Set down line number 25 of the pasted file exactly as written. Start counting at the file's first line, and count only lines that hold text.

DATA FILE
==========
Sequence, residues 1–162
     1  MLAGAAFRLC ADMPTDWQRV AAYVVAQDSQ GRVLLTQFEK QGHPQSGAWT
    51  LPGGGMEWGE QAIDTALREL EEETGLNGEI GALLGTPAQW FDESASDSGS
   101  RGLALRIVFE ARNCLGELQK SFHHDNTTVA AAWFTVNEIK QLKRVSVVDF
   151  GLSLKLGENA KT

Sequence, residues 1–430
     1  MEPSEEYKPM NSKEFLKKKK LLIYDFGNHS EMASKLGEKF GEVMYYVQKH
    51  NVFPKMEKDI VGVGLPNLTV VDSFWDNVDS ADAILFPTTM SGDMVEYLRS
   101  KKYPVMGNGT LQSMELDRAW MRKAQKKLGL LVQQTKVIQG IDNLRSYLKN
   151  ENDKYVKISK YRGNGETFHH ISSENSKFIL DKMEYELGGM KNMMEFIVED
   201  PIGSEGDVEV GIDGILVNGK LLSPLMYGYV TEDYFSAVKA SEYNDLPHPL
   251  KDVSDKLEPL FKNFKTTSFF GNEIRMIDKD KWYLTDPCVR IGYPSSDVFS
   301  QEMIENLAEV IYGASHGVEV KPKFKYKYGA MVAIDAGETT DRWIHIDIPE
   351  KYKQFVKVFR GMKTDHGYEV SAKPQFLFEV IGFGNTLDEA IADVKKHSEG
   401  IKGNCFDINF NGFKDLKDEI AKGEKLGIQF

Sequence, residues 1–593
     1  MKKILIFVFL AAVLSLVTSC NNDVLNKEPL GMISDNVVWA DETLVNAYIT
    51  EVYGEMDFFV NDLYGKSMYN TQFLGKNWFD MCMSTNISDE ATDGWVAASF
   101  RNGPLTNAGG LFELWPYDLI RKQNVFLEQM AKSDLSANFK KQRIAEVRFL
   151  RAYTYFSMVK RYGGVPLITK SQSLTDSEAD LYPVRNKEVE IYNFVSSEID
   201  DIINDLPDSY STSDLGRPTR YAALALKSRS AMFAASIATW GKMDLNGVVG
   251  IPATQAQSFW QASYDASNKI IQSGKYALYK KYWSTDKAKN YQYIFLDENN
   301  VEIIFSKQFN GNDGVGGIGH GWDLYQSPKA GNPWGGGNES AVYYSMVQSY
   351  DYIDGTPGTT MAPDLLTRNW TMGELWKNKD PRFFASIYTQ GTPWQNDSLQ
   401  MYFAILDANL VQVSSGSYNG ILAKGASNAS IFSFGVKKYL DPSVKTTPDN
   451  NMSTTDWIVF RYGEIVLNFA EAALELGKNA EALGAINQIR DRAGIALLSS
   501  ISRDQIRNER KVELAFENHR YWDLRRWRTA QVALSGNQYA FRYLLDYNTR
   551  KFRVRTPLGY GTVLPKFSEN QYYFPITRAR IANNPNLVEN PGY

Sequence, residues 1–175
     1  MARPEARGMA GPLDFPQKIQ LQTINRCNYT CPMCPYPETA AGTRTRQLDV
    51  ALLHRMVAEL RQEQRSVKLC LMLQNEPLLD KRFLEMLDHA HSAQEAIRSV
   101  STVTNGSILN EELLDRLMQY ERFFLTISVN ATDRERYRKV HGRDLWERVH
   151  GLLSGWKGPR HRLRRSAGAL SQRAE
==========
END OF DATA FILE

   401  MYFAILDANL VQVSSGSYNG ILAKGASNAS IFSFGVKKYL DPSVKTTPDN